Super Soco claim 3-4 hours recharge time. This must however relate to the single battery model, as in practice it took us just over 3 hours per battery, a total of 6 hours recharging time. In order to charge it, unless you have a secure, dry garage with electric supply, you need to remove the batteries. The batteries fitted are 20kg each, need a big charging unit and overall the process is a lot of hassle for not much gain. The charger also has a loud fan on it. You can plug straight into the bike, but it would need to be inside as the charger station has open grills which I assume wouldn’t like the wet, nor would I want to be trailing wires out of my house every night and into the street.

There is no storage as the batteries take up all the room

One of the big advantages of a scooter is the practicality, and a part of the practicality comes in the form of storage. In every scooter I owned, there was quite a large storage compartment under the seat, which was super useful for my helmet or anything else I had at the time. The CPX has no storage as the batteries take up that space.

Its pretty slow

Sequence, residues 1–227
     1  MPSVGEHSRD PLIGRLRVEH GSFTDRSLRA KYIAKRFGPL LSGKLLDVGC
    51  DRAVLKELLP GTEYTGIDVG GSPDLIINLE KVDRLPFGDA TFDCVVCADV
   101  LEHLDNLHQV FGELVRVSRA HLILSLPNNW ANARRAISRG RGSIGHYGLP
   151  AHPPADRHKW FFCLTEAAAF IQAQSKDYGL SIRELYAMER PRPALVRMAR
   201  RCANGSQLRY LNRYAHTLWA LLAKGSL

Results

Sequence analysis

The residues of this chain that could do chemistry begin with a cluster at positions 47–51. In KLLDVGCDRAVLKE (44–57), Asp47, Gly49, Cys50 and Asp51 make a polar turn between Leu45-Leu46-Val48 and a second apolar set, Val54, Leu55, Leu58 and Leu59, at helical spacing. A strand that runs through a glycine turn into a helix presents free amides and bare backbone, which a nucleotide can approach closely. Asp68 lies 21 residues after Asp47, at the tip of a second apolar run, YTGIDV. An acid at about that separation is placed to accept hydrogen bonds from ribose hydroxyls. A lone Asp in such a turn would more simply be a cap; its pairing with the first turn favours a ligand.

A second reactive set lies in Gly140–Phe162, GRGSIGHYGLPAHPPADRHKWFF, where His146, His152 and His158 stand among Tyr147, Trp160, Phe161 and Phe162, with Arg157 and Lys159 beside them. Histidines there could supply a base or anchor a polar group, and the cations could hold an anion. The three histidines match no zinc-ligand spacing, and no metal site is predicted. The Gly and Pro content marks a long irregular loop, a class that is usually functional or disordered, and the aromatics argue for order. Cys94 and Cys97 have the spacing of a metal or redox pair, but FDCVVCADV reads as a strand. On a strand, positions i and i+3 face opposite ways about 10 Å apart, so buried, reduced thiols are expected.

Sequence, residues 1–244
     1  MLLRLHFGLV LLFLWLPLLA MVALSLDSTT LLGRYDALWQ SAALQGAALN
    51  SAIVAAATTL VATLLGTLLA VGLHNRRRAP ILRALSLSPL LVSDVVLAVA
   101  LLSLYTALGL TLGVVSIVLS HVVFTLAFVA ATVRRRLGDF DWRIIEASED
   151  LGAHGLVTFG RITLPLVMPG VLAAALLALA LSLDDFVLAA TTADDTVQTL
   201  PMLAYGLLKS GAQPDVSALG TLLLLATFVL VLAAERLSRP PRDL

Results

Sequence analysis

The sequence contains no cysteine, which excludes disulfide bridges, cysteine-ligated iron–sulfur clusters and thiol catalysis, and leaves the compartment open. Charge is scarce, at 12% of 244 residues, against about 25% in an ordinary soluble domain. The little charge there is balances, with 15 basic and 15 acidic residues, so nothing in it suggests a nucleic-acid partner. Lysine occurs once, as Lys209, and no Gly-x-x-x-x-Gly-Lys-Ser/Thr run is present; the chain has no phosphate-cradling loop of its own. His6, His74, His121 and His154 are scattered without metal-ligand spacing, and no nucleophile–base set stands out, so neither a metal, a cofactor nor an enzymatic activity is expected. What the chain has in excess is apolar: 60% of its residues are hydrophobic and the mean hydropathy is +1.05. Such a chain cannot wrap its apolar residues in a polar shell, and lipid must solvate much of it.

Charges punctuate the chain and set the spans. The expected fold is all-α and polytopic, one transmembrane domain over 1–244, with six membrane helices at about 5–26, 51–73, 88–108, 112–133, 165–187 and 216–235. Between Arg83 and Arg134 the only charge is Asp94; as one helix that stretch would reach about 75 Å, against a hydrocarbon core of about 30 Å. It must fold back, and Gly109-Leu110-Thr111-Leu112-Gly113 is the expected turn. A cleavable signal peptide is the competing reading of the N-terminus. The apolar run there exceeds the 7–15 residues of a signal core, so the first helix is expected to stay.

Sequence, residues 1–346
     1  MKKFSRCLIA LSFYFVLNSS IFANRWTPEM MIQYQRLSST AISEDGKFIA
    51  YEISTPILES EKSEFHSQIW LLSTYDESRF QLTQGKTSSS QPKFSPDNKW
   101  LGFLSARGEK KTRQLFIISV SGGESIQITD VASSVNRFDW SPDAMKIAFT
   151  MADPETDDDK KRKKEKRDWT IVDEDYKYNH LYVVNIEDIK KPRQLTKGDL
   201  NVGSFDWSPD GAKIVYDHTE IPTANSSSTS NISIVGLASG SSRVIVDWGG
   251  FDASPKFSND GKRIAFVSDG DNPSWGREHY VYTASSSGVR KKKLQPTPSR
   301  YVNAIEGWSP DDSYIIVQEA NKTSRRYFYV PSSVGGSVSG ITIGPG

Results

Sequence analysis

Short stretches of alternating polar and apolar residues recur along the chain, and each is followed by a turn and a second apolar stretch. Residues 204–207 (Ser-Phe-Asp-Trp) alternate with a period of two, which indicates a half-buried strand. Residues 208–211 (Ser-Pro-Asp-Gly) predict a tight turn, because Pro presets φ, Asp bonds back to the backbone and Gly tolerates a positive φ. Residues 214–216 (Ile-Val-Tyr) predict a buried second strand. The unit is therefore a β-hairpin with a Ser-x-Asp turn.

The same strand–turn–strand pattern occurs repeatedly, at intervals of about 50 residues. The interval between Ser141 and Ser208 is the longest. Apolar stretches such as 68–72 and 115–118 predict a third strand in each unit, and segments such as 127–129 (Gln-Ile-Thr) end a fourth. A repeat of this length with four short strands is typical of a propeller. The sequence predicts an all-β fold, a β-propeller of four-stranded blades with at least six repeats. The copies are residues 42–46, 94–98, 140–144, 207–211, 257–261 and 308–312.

On reading the specification sheet on the Super Soco website, my eyes lit up on reading a torque figure of 171nm. I thought, this is going to be a lot of fun, that’s more torque than the KTM 1290 SuperDuke R we tested this year… wheelies, burnouts, and general hoonage sound be well on the cards!! Quite how the torque figure of 171nm appeared on the official website is beyond me, because this scooter does not have 170nm of torque. It doesn’t have enough torque to initiate a burnout without a friend to help lift the rear wheel and it struggles to hold its speed up a hill, which by the way is fine for a scooter, its just that it doesn’t match the picture painted by the spec sheet. There is not much zip to it either, my derestricted Piaggio Zip 50 wasn’t as fast top speed, but it felt faster to 30 and had enough snap to pull a little wheelie.